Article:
DAVID FAHRENTHOLD, THE WASHINGTON POST REPORTER: He`s almost the human equivalent of Trump`s taxes. He`s the guy through which almost all of Trump`s financial transactions, big and small have passed through for 30 years. So he would be a valuable asset if you thought there was financial crime.


WILLIAMS: To no one`s surprise, Trump tonight responded to the Washington Post story with a lengthy statement calling the DA`s investigation, "a continuation of the greatest witch hunt in American history, purely political and an affront to the almost 75 million voters who supported me in the Presidential Election." That echoes defiant comments he made late last year about being a target of law enforcement.


DONALD TRUMP, (R) FORMER UNITED STATES PRESIDENT: These same people that failed to get me in Washington have sent every piece of information to New York so that they can try to get me there. It`s all been gone over, over and over again. For $48 million, you go through tax returns, you go through everything. They want to take not me but us down. And we can never let them do that.

All they do is investigate, then they send everything they have into New York when I beat him in the federal, I beat them in federal. They send everything into New York, oh, let them take a crack at it.


WILLIAMS: Trump is also asking a federal judge to dismiss a lawsuit over his role in the 1/6 riot and insurrection claiming he has, "absolute immunity." His lawyer argues that that would put the inflammatory statements he made as president moments before the deadly breach of the Capitol beyond the reach of any court.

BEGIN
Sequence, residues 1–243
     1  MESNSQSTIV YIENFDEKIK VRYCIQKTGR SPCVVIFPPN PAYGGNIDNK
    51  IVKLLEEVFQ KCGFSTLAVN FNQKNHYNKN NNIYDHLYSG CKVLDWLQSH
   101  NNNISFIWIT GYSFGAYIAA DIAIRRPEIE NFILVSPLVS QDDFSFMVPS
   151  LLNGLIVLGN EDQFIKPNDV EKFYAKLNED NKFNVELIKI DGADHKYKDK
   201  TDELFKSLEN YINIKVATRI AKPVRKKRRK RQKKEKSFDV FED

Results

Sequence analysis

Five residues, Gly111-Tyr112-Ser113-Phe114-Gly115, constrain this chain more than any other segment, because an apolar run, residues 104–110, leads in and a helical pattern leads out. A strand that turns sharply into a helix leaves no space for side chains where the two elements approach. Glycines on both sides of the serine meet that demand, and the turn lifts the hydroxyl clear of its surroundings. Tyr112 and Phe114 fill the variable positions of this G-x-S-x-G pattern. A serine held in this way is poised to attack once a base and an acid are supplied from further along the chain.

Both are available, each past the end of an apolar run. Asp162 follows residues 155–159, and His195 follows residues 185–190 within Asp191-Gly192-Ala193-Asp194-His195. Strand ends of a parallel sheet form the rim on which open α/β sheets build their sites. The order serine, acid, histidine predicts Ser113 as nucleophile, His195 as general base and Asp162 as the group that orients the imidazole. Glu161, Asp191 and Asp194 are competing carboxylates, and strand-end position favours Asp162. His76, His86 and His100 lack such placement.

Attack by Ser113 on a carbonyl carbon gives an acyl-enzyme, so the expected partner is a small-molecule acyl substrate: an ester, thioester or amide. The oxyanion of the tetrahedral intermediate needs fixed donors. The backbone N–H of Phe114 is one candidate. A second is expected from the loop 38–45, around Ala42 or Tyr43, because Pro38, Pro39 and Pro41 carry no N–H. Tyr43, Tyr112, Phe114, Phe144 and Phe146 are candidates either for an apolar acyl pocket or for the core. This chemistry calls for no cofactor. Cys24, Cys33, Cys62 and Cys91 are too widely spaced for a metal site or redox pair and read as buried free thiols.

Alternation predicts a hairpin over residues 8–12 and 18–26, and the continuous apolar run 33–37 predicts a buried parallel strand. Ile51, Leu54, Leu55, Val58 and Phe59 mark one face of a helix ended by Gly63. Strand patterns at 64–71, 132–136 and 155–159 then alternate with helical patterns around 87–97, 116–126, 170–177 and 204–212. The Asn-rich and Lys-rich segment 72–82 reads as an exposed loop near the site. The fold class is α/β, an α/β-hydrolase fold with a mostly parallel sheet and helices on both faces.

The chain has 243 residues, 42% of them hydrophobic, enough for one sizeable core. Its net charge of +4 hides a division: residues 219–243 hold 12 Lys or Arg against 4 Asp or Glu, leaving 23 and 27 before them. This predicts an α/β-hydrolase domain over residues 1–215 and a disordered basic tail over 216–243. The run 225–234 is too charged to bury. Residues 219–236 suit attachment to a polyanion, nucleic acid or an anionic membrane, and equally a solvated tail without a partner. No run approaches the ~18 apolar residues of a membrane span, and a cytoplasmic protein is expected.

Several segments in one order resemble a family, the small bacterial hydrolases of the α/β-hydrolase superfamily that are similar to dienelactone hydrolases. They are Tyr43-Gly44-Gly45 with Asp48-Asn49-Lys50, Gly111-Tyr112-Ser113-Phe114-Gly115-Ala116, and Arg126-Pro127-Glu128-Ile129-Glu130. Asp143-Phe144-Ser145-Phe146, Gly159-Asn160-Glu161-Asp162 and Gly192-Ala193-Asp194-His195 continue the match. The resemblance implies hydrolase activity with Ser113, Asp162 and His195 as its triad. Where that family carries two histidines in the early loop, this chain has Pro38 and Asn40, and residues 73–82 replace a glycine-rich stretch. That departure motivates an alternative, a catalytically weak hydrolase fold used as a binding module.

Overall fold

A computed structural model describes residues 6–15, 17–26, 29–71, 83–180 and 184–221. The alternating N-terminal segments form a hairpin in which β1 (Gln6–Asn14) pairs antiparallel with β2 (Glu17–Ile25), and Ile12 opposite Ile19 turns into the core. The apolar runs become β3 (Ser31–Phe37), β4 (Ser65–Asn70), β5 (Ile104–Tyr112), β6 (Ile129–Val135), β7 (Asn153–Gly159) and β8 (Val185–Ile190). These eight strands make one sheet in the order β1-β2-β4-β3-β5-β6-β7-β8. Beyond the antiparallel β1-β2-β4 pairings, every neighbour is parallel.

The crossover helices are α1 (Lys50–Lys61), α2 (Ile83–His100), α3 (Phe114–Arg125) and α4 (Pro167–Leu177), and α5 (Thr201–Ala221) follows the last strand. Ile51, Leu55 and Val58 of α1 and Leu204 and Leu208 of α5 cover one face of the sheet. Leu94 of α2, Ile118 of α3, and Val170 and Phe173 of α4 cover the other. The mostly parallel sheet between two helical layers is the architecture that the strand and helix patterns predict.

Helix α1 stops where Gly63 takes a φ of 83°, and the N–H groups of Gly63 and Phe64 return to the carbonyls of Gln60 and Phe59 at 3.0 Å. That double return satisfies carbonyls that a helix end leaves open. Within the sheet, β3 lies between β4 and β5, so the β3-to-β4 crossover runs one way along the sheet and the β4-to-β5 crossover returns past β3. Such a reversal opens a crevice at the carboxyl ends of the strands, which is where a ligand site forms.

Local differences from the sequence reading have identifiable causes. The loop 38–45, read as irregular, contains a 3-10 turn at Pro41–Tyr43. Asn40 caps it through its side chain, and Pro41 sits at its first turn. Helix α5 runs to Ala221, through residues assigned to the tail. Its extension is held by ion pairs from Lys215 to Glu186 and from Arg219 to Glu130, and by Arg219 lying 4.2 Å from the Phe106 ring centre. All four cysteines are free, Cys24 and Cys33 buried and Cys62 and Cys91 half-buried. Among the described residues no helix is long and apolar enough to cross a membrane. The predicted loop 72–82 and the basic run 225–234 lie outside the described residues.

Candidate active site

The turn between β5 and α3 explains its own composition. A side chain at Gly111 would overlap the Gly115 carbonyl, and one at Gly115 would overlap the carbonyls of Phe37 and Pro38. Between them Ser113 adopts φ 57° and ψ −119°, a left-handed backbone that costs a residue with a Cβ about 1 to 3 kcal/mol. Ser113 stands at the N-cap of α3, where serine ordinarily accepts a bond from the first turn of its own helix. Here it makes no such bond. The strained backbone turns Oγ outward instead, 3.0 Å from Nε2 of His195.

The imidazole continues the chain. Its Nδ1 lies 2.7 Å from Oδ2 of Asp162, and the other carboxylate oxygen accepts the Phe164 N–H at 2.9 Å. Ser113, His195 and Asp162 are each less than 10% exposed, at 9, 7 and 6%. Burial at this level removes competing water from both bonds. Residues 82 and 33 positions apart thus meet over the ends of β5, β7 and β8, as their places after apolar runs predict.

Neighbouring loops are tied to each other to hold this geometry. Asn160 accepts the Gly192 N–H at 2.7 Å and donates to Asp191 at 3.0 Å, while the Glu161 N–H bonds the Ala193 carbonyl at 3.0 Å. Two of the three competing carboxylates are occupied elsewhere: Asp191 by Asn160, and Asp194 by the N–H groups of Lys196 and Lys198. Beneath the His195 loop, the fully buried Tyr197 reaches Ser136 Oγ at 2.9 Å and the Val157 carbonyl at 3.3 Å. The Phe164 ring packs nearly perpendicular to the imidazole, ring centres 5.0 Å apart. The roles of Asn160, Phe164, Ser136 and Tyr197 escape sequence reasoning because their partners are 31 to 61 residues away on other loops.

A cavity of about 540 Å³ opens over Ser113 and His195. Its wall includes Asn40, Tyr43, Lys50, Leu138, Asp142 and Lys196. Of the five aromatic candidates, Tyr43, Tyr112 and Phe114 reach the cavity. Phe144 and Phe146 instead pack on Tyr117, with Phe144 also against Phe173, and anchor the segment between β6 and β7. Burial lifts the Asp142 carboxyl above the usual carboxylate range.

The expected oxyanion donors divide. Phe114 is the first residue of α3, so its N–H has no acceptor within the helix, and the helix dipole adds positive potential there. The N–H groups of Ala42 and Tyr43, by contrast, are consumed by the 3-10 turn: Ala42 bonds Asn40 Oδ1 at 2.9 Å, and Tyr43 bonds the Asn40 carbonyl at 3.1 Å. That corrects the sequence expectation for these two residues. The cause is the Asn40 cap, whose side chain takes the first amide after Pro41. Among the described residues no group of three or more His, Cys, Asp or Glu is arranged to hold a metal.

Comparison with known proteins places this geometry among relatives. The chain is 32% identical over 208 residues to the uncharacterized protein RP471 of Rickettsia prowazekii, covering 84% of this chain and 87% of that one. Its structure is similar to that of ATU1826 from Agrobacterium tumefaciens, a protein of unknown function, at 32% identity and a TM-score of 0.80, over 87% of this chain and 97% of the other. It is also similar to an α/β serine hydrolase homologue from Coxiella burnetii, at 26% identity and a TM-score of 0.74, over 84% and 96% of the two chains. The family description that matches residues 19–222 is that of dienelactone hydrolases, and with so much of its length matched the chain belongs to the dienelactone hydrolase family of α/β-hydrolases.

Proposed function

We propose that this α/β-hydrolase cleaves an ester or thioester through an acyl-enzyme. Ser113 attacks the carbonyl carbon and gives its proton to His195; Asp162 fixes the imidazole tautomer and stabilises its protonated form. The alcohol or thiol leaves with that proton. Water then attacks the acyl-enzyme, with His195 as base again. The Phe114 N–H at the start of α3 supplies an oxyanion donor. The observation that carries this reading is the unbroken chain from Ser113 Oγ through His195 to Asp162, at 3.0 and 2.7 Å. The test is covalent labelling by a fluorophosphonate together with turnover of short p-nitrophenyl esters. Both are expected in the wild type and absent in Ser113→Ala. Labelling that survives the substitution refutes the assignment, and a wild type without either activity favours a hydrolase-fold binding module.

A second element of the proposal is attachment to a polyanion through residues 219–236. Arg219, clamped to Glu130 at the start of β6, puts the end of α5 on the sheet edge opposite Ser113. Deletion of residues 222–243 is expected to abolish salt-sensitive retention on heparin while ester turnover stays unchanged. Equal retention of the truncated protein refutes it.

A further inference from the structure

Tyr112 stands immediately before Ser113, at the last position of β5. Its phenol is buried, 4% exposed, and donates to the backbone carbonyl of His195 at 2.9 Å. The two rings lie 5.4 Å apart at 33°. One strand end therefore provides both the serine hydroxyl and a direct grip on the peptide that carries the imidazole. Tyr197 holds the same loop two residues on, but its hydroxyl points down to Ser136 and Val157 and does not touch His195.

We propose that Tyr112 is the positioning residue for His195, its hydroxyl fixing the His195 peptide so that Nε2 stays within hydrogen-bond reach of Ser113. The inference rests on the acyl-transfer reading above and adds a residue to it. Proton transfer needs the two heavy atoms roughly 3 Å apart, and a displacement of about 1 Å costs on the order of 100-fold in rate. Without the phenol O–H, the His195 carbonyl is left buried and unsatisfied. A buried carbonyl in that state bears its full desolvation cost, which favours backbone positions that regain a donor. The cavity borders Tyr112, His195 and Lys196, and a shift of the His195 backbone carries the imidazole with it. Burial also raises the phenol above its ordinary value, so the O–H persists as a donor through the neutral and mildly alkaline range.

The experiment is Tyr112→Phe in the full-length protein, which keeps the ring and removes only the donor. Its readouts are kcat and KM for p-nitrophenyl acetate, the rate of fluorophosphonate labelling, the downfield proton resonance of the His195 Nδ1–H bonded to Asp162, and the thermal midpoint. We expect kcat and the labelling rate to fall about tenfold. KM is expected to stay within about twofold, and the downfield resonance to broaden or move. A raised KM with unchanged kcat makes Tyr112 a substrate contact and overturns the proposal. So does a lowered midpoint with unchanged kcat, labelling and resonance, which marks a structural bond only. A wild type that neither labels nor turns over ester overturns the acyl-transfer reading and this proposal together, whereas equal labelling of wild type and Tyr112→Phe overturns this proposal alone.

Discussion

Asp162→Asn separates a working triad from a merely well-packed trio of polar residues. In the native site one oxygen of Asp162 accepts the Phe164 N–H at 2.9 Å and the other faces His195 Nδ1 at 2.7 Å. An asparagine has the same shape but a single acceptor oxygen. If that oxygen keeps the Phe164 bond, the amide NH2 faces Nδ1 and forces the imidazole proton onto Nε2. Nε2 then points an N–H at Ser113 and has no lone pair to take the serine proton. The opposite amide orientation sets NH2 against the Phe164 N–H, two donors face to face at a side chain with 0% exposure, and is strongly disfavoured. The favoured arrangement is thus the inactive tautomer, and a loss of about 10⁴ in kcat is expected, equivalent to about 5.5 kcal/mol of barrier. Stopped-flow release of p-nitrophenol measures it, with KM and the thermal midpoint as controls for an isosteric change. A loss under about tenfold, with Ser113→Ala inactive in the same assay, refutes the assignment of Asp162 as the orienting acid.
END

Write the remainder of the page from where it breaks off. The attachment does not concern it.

Meanwhile, legislation that would create a bipartisan commission to investigate that insurrection still meeting from -- meeting resistance from Senate Republicans. Today Democrats Kyrsten Sinema of Arizona, Joe Manchin of West Virginia issued a joint statement which reads in part, we implore our Senate Republican colleagues to work with us to find a path forward on a commission to examine the events of January 6.

The Senate could vote on the bill before the end of this week. On the other side of the Capitol, House Republican leaders have finally condemned the QAnon Congresswoman Marjorie Taylor Greene`s remarks comparing vaccine and mask requirements to the Holocaust. It took them five days to do it. We`ll have much more on that development coming up later in the hour.

This was also the day that people across our country remember George Floyd exactly one year after his murder. At the White House President Biden, Vice President Harris met privately with members of the Floyd family who also met with select lawmakers on Capitol Hill. Afterward, the family described their conversation with the President about the delay in passing the Police Reform Act named after George Floyd.